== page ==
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Thread started 09 Jan 2014 (Thursday) 19:56
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RED hot pixels

 
creanzworld
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Jan 09, 2014 19:56 |  #1

So as you can see with the attached photo (if you zoom in) i have alot of hot pixels. Granted, this was taken with very high ISO and lens cap on though, so it's not really that bad for long exposures as this photo makes it appear. But however, I do have a few very noticeable 1-3 red pixels when i do the long exposures. I have done the sensor cleaning, but nothing changed (haven't done manual cleaning yet). Any suggestions?

P.S. I previewed the post and the picture is massive, along with stretched text; so in advance i apologize if that is how it appears to you.

http://fc07.deviantart​.net …_by_steve1098-d71k1xi.jpg (external link)

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Frodge
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Jan 09, 2014 20:06 |  #2

I've never done this test, and dont plan to because of my ocd condition. How do your actual long exposures look? If they have spots they can be mapped out. Has nothing to do with cleaning the sensor.


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“It's kind of fun to do the impossible.” - Walt Disney.
Equipment: Tokina 12-24mm, Canon 40mm 2.8, Tamron 17-50 2.8 XR Di, Canon 18-55mm, Canon 50mm 1.8, Tamron 70-300VC / T3I and 60D

  
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creanzworld
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Jan 09, 2014 20:20 |  #3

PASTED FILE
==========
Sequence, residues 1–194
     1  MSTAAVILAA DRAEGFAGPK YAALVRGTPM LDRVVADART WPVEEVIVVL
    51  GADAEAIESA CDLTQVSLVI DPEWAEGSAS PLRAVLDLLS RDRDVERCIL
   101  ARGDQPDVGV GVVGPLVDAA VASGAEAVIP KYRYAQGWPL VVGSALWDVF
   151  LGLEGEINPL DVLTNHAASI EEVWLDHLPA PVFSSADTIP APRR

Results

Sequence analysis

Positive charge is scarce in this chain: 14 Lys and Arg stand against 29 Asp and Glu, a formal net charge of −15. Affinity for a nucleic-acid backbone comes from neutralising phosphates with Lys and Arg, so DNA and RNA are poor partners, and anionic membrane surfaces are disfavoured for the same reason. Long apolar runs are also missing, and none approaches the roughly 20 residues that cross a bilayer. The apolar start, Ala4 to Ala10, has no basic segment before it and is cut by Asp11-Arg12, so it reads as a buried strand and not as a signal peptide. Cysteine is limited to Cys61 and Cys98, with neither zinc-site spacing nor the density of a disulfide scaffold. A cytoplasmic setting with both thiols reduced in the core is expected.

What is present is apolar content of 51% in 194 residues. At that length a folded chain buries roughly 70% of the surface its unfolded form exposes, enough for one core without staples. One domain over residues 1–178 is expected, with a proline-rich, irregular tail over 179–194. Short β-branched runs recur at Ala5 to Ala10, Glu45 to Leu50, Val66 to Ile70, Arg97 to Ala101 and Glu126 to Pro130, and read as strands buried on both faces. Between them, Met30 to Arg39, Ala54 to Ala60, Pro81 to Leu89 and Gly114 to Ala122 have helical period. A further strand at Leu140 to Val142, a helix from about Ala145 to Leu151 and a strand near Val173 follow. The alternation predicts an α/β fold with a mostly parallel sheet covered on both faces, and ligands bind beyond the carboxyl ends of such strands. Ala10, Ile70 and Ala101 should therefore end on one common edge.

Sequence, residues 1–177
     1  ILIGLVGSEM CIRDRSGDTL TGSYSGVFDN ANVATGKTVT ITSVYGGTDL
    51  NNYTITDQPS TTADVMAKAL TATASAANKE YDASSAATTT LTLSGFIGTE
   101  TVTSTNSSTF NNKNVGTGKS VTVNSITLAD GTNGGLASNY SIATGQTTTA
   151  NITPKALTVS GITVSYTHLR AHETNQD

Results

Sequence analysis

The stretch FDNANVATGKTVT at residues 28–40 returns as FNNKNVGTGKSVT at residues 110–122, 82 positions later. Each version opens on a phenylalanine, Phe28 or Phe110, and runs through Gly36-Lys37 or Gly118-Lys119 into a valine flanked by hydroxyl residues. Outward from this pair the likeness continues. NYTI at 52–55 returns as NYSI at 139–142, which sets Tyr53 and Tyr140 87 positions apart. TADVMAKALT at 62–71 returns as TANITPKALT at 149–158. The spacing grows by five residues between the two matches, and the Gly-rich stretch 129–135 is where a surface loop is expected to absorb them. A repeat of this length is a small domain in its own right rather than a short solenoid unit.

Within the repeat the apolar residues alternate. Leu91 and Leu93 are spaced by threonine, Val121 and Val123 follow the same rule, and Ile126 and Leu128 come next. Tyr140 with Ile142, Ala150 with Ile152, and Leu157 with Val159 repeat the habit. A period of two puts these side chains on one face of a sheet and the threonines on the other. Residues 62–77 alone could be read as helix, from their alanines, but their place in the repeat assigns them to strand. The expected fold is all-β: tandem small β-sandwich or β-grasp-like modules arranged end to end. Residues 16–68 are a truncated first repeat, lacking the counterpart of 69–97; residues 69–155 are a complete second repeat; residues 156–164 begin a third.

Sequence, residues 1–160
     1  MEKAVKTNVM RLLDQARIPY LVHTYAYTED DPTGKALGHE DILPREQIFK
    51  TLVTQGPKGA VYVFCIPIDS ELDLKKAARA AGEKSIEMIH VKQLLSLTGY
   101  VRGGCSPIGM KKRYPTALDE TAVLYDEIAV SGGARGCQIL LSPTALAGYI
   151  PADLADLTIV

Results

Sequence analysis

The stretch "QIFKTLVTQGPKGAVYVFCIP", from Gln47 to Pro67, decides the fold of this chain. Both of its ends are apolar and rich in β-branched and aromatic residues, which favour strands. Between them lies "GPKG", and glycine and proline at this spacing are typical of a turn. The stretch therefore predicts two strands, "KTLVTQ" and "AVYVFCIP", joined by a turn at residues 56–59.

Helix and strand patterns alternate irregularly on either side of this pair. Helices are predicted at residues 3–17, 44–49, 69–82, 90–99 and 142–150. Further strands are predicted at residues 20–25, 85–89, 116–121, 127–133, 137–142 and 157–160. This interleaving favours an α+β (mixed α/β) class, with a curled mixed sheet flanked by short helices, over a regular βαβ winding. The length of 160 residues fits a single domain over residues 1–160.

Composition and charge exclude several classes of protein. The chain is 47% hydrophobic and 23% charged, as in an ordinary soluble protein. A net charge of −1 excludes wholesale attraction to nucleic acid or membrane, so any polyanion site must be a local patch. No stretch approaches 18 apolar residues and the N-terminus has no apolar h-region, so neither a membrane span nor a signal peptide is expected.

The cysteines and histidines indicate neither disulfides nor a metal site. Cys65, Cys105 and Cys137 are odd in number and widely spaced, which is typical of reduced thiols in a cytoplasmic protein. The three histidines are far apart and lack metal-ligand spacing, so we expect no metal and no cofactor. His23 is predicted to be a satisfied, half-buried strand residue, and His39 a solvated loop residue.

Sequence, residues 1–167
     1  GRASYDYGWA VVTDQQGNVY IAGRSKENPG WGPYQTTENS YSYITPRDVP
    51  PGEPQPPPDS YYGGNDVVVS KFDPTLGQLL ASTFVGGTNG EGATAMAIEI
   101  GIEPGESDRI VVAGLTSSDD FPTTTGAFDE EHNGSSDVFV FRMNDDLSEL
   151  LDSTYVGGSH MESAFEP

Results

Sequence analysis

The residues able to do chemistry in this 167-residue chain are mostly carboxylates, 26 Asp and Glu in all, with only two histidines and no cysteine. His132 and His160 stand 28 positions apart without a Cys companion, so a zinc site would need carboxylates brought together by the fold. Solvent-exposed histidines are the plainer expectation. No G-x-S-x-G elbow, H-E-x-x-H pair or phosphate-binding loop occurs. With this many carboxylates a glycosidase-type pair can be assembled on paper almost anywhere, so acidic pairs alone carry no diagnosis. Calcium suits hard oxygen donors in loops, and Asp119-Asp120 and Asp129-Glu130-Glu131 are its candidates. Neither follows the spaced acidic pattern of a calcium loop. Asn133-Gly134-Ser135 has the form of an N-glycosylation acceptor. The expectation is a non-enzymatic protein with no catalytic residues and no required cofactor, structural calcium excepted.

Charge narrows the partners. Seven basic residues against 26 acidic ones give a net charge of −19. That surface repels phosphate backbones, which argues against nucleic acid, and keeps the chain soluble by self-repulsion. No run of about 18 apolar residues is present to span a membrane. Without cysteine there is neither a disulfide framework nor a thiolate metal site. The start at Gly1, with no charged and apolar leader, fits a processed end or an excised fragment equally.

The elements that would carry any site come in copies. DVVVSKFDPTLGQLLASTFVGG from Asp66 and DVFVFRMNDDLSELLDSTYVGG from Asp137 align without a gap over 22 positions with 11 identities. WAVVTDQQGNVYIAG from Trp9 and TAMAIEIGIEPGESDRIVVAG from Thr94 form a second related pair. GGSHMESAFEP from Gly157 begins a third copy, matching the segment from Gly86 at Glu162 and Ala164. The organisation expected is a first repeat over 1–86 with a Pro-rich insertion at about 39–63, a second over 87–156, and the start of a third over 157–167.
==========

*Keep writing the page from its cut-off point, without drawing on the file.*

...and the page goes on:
Frodge wrote in post #16592556 (external link)
I've never done this test, and dont plan to because of my ocd condition. How do your actual long exposures look? If they have spots they can be mapped out. Has nothing to do with cleaning the sensor.

Yeah i wouldn't advise it if you have OCD. As far as the actual picture, there are roughly 1-5 (depending on the exposure) which are always in the same spots




  
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Frodge
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Jan 09, 2014 20:21 |  #4

You can map them out with the camera function.


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creanzworld
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Jan 09, 2014 21:03 |  #5

Frodge wrote in post #16592585 (external link)
You can map them out with the camera function.

Not really familiar with that function. Can it get rid of the few hot pixels?

Also sorry to change the subject, but i have another question. This i also noticed recently with the long exposure at night. For nighttime long exposures in the past, i used a Canon 17-85mm f/4-5.6, and before that, a 18-55. Both gave pretty good pictures while using low ISO and about 20-30secs was great for a bright, night sky. My 50mm 1.8 is also fantastic obviously due to the wide aperture. However, ironically, my Sigma 17-70 2.8 is terrible. Im sure its a setting on the camera that i mistakenly pushed. I mean its at 2.8 (more than enough light to come in the lens) and it was at 30secs at 200iso. Even at those settings, the sky should be adequately bright; but the night sky was terribly dim. My 18-55 did better, ha. So is there some custom function i might've turned on or something which is preventing me from getting a brightly lit up night sky?




  
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emu248mafia
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Jan 09, 2014 21:12 |  #6

you should make your picture bigger next time.


60D Gripped | Sigma 10mm 2.8 | Canon 17-55mm IS USM 2.8 | Sigma 70-200 OS 2.8 | Sigma 2x teleconverter
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Frodge
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Jan 09, 2014 21:22 |  #7

lol


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the ­ flying ­ moose
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Jan 09, 2014 21:53 |  #8

Large picture is large.

If you squint and zoom in slightly in the top right corner, you can see Jupiter.




  
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davidc502
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Jan 09, 2014 22:10 |  #9